On the second day Gwen wore this fabulous knitted sweater given to her by a Japanese woman while she was teaching in Japan. It turns out these sweaters were selling for about $600 at the time. On this day I decided to document some of my design decisions for the next piece. I deliberately kept it small to make it quicker. What fun these small quilts, especially after doing all those great big Collaborative quilts.
First I picked my palette- mostly greens and neutrals. I've got a mix of all sorts of solids- shot cottons, chambray, linen, Kona solids and other un-named solids. Oh, and that subtle white on white print too.
First I rough cut some strips wide and narrow so I'd have some choices and not have to stop and cut as I went along. You can be conservative here. One or two strips from each fabric is all that's necessary at this point.
Then, just start sewing. Whatever looks good. I had started off wanting to have a large plain field to do some cool hand stitching in later. However, after a bit that big white piece started to bug me, so I cut it up.
And I made this tiny pieced insert to fill in. I didn't plan that at all, it just came about on it's own! I do have a bit of an obsessive nature with the tiny scraps though and often will just sew a bunch of them together to make them more manageable. After while you have a piece big enough to use somewhere! Notice, the red snuck in too. It seemed to need something surprising to make it more interesting.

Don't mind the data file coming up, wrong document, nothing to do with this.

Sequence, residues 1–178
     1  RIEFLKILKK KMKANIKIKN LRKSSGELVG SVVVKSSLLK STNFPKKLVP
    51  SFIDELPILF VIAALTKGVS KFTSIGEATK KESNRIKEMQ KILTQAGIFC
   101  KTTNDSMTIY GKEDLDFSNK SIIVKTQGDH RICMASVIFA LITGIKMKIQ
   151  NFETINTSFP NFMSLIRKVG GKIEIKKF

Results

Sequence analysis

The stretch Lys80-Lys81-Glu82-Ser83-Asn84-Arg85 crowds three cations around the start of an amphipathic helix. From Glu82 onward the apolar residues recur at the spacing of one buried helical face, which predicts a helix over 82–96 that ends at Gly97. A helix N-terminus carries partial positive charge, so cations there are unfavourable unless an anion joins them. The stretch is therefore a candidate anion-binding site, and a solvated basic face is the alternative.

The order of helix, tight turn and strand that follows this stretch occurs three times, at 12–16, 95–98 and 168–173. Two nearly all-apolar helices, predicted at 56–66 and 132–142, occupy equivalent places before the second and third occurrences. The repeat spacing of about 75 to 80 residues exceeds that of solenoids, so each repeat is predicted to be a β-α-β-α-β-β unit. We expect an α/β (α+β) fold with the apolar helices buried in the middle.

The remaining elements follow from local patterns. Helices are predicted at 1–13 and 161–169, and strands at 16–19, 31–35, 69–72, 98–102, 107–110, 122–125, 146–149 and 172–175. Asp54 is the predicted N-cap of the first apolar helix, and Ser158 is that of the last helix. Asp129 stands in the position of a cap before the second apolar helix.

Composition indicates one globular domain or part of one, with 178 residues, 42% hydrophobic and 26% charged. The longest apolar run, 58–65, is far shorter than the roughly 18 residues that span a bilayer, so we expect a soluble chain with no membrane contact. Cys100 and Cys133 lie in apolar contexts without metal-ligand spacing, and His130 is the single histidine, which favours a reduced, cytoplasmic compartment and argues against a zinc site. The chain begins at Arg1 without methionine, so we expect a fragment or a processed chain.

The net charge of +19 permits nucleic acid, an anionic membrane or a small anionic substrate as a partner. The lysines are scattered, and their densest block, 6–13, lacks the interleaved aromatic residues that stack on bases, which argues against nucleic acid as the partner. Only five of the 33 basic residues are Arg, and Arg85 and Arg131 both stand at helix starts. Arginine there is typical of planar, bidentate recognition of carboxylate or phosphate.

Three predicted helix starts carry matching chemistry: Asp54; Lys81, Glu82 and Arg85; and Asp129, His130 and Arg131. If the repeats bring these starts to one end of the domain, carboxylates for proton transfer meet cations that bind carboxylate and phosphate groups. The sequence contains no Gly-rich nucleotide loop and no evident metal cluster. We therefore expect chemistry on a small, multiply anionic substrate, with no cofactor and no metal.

Then I made that little strip of squares at the bottom. These were inspired by a quilt that Tonye Phillips was working on in the Gwen & Freddy retreat. She had made these little tiny 1/2" square filler strips and they were so cool I had to try it. Mine are a bit more, ahem, liberated than hers. The right hand strip came about next, again probably using up some small pieces that were just lying there begging to be used.
And, the finished piece. Trying to balance out the right hand strips with the strips in the upper left and side. A bit more red to keep you eyes moving around. The green at the bottom is meant to anchor the piece. Now it appears that I started with the tiny pieced rectangle in the middle and built out from there, but you know better! This one is about 16" square.
This one came about because I couldn't just stop. I really wanted to try the equilateral triangles, which, it turns out, are tons of fun to make. Sarah was still working after the class had ended and I needed something to do. This one was a lot of fun with no planning.
It's also about 16" square. I've started hand quilting it, but need to give my wrist a rest, so it will probably not be worked on for a while. I've got one more post's worth of pictures from the class. Stay tuned and enjoy the first day of spring!